Cache Provisioning and Management for Content Delivery

06 Nov
Monday, 11/06/2017 10:00am to 12:00pm
Computer Science Building, Room 140
Ph.D. Dissertation Proposal Defense

"Cache Provisioning and Management for Content Delivery"

The exponential increase in Internet traffic coupled with the scarcity of available resources makes content delivery a challenging problem. Content delivery networks (CDNs) are integral to delivering a vast variety of content requested by users around the world at low latency and high reliability. CDNs deploy servers close to the users and cache and deliver trillions of user requests every day for a diverse set of content such as web pages, videos, software downloads and images, among others. In this dissertation, we propose algorithms to provision cache servers and manage the content they host to achieve different performance objectives such as minimizing the energy consumption of the network and maximizing the end-user performance.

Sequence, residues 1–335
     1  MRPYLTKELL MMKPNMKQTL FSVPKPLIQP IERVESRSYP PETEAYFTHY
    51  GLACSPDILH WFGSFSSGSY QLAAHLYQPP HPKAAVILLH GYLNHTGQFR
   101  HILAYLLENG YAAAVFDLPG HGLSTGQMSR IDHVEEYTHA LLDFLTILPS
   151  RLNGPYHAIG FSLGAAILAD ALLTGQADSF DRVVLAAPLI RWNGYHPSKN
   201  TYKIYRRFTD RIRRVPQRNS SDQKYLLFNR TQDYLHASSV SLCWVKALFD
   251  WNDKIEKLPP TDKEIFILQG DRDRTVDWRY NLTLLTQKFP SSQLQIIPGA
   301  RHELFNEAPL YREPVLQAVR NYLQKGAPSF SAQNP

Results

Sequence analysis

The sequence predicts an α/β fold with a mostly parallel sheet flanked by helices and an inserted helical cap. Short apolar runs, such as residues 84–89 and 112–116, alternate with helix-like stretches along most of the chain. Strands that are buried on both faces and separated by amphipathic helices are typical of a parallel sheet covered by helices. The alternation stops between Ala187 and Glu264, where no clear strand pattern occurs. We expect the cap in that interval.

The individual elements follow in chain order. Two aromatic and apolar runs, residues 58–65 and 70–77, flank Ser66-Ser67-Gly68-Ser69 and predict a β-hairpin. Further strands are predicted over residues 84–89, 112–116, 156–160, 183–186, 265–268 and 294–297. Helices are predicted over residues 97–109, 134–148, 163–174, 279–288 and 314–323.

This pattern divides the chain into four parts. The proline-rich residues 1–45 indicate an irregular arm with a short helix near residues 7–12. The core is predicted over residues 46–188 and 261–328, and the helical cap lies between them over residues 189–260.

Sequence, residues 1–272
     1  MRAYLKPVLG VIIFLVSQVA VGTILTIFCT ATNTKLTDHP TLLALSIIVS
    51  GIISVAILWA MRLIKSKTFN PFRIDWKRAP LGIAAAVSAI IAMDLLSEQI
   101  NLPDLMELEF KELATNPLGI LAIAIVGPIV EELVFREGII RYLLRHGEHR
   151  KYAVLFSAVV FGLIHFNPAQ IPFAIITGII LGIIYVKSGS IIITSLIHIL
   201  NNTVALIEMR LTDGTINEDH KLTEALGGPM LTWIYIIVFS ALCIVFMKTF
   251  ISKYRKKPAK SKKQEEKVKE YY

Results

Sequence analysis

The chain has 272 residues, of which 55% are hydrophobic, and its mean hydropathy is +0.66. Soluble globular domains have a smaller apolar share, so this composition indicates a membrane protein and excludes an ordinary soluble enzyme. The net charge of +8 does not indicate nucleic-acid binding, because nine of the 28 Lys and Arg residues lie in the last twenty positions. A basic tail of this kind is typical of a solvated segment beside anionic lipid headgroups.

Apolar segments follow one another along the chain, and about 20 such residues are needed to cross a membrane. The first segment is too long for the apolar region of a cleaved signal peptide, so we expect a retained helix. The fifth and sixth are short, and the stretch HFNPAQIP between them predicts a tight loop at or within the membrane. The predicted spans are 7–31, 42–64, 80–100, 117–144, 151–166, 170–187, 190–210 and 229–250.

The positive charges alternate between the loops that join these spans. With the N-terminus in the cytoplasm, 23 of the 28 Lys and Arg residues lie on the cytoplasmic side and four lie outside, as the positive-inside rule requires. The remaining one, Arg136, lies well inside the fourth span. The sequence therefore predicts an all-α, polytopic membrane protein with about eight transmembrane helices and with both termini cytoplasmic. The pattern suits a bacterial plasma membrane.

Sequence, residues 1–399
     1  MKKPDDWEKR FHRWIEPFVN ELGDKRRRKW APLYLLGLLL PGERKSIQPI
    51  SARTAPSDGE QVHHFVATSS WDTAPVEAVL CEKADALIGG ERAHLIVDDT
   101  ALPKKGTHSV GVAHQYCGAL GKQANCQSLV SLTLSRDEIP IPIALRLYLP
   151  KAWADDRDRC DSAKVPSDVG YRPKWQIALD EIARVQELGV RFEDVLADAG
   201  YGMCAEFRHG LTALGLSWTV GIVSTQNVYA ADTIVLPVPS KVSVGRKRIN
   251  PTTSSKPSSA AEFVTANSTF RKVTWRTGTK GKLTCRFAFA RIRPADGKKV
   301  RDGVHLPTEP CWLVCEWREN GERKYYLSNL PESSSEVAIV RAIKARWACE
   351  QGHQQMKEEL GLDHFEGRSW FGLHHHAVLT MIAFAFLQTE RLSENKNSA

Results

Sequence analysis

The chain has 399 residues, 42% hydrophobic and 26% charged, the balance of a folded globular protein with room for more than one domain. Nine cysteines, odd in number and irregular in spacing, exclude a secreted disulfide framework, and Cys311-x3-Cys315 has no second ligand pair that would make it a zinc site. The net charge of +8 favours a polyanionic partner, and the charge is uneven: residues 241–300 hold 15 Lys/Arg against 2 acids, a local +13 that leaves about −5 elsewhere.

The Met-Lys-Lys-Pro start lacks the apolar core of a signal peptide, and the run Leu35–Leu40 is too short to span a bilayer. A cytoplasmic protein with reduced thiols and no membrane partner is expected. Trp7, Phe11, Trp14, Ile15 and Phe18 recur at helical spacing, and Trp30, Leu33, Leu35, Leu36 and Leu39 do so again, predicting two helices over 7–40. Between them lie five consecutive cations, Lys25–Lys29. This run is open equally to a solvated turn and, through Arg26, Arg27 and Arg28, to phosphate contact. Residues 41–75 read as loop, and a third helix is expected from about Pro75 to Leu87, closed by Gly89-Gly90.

Cache management is the process of deciding how content is cached in the servers of a CDN.  We propose cache management algorithms to make the servers energy-efficient using disk shutdown. We find that disk shutdown provides good energy-performance tradeoff and is suitable for CDN servers. We also propose TTL-based caching algorithms that provably achieve performance targets specified by a CDN operator in the presence of non-stationary and bursty traffic. Using production traces from Akamai, we show that the proposed algorithms converge to the target hit rate and target cache size with low error. 

Cache provisioning is the process of determining the set of content domains hosted on the edge servers. Cache provisioning is complicated by the presence of thousands of content domains with widely varying performance characteristics. To address this challenge, we propose footprint descriptors which are a succinct representation of the content requested by users. Footprint descriptors effectively capture the popularity characteristics and caching performance of different content classes. We also propose a footprint descriptor calculus that can be used to decide how content should be mixed or partitioned and so on to efficiently provision caches. We finally propose optimization models that can be used to automatically provision caches to jointly minimize the cache miss traffic from the network and the end-user latency. Such optimization models would guide the development of better cache provisioning and management schemes to meet the traffic demands of the future.

Advisor: Ramesh Sitaraman